Negotiating benefits: where does the recruiter fit in?

How to negotiate benefits

When the time comes to move jobs, it’s easy for candidates to focus on the numbers: will I get a pay rise if I move to a new company? Will this move help me improve my earning potential?

But while basic pay is an important factor in the hiring process, recruiters also need to sell the ‘whole package’ to the candidate, and this will include benefits such as bonuses, use of a company car or a pension scheme.

In the current climate, it’s unusual to see huge salary increases when candidates change roles, so the benefits package can make all the difference in convincing someone to consider a role. According to pensions and benefits consultancy Mercer, benefits play a significant role in the decision to join an organisation for 30% of candidates, and 57% of candidates for senior roles would be more likely to join a company because of the benefits on offer.

Understanding the benefits

For the recruiter, it’s important to get to know the benefits their clients offer, many will have them set out in their terms and conditions. The size of your client may influence the benefits they are able to offer: a smaller company may be able to tailor their package to a specific candidate, while larger companies may be quite rigid.

“The consultant’s role is to get the best possible offer for both the candidate and the client, by understanding the individual needs of both,” explains Keith Lewis, managing director of technical recruitment consultancy Matchtech. And while your influence on what your clients can offer as benefits may be limited, the feedback you receive from candidates on what they expect and what other companies offer will be welcome and will help to shape what they offer in future.


Promoting the right benefits

Of course, some benefits are more appealing than others, and much will depend on two factors: the sector you work in and where the candidate is in terms of life stage. Typically, when choosing whether to put themselves forward for a role or at offer stage, candidates favour financial benefits such as pensions and an annual bonus over more lifestyle related benefits.

But when it comes to considering the total package, other ‘softer’ benefits such as the ability to buy more holiday days, purchase childcare vouchers or cut-price training can influence the candidate’s decision. “Younger candidates without family commitments tend to prefer flexible benefits,” says Adrian Kinnersley, managing director of Twenty Recruitment.”Those with families favour life assurance, private healthcare, flexible working arrangements and generous maternity and paternity packages.”

Flexible benefit schemes, where employees can choose from a menu of a mixture of financial and non-financial benefits, are attractive to candidates, as research suggests that having more control over your remuneration helps you to feel more engaged with your employer.

Also, giving staff autonomy over how they work, while not a benefit as such, can be a deal-maker, so check out with your client whether they can offer something unique outside of their financial terms. Google, for example, allows staff a portion of time each week where they can work on whatever projects they want. “Flexible working and work-life balance are edging ahead of bonus culture and the trend is towards flexibility and employee choice,” says Kinnersley.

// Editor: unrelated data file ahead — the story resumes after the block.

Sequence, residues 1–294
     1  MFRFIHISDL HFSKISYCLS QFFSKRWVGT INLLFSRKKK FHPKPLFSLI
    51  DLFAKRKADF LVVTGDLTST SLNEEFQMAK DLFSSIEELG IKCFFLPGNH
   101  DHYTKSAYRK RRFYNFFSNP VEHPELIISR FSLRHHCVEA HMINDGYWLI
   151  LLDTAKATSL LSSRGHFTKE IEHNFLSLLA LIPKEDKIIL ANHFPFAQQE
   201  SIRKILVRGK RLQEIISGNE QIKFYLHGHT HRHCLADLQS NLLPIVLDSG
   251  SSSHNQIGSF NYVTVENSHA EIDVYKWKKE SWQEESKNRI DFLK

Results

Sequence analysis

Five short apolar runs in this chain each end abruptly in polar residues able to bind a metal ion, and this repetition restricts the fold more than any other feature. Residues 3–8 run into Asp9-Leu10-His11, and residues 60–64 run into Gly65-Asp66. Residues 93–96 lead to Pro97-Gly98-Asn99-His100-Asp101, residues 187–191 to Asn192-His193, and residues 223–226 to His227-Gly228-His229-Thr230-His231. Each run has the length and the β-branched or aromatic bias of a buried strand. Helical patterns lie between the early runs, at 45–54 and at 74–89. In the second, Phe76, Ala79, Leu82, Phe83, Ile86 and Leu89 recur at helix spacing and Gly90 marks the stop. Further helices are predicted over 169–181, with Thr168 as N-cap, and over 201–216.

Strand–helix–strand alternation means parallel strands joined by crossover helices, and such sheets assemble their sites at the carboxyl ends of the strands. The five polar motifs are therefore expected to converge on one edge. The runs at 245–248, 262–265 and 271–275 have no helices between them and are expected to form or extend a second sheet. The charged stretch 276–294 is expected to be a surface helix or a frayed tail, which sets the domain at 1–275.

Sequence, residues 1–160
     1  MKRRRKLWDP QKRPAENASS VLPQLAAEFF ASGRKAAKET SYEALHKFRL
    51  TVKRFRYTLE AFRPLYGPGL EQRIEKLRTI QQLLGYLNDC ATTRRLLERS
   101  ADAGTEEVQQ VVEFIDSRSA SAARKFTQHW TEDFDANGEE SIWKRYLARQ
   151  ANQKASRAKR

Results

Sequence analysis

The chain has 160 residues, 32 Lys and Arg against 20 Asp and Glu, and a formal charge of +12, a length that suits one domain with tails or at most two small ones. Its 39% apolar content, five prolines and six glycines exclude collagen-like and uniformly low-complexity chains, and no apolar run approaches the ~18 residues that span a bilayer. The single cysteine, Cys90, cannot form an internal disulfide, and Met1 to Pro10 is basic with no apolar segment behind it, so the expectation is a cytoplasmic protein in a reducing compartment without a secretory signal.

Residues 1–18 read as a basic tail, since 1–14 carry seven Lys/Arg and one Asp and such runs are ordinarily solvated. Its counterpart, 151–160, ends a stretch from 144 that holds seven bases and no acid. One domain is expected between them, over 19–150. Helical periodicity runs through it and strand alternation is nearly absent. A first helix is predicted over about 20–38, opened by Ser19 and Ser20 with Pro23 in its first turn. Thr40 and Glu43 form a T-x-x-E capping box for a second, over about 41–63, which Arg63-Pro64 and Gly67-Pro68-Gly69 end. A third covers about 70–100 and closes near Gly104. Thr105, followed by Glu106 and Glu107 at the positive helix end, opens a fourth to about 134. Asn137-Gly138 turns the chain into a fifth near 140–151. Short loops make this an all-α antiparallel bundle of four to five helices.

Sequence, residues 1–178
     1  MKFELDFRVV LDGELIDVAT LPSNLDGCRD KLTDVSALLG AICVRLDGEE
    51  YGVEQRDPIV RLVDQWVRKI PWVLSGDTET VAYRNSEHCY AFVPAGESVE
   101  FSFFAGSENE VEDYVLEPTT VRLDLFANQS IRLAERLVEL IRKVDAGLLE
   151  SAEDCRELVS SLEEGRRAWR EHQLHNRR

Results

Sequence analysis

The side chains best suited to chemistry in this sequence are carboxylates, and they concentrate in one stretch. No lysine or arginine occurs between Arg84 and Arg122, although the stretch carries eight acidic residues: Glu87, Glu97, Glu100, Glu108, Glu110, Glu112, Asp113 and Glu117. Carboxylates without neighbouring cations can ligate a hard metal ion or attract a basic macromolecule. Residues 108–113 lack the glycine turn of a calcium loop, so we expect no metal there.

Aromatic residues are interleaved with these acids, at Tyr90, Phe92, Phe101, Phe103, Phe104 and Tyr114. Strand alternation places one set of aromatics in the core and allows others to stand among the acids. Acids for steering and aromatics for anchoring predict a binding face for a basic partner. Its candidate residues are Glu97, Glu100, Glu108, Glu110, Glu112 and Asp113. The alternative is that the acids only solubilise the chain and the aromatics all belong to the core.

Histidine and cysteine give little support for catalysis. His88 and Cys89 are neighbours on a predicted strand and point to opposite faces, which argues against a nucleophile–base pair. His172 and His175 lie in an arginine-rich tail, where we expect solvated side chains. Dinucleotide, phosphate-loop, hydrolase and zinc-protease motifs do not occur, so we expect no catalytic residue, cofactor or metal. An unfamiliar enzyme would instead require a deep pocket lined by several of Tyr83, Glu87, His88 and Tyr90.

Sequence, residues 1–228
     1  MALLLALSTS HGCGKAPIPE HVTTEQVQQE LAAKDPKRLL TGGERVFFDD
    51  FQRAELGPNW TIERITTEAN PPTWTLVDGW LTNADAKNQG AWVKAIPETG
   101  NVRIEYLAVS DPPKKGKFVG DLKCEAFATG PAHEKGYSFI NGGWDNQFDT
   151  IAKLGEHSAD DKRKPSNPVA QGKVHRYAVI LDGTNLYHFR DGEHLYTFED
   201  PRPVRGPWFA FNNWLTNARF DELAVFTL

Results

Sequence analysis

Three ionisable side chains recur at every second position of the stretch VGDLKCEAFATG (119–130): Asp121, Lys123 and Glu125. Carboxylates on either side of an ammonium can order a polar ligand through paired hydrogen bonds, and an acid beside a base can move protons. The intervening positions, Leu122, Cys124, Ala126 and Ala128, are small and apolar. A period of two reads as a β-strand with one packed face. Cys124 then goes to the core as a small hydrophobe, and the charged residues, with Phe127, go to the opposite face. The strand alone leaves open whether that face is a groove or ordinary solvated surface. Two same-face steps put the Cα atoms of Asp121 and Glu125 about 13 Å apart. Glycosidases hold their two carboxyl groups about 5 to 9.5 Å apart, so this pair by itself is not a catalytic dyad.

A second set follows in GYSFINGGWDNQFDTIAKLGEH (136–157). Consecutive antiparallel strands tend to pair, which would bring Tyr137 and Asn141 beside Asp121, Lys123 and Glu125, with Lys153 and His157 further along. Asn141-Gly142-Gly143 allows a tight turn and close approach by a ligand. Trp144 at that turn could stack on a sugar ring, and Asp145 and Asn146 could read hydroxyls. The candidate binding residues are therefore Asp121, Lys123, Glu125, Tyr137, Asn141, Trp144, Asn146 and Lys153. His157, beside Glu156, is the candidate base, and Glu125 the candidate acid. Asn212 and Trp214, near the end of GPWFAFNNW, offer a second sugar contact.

How to negotiate

Negotiating on benefits is something that should happen the minute the job specification lands in your in-tray. Recruiters can benchmark the benefits on offer in the market, and should communicate this information to clients.

Similarly, it pays to be upfront with candidates about what’s on offer from the very start of the application process. “It’s up to consultants to keep clients in touch with changes in the competitive market on benefits, and make recommendations where needed,” advises Lewis. “Doing your homework on the benefits on offer and managing each party’s expectations should avoid an awkward negotiation at offer stage,” he adds.

A good way to sell the benefits package is to break down the monetary value of each element. So the company input into a pension, for example, might work out at the equivalent of an extra 5% on the candidate’s salary per year. An extra five days holiday compared with another company offering the same salary also makes financial sense. Gather evidence on variable benefits such as bonuses, if the company boasts a certain level of bonus, has it actually paid this out to people over the past three years?

In the event that the candidate is not happy with the benefits package at the offer stage, it will fall to you as a recruiter to negotiate. Sometimes, it may not be possible to alter the benefits available, but there may be some leeway on salary. Failing that, sell the overall advantages of accepting the offer, perhaps they will be working for a high-profile brand, or the client has a good track record for fast-tracking careers in that sector.

And if the client is simply not prepared to budge, perhaps your candidate is not their perfect match after all: “On some occasions we have pushed back to the client with a final offer, and this weeds out if they are actually interested enough in the candidate to make that change,” says Lewis. “The way you deliver the negotiation pitch can make the difference as to whether the candidate or the client goes ahead.”

Ultimately, you could hold all the cards when it comes to negotiating benefits for your candidate. So keep abreast of what’s on offer in your market, be honest with your client and your candidate upfront, and remember to sell the whole package.


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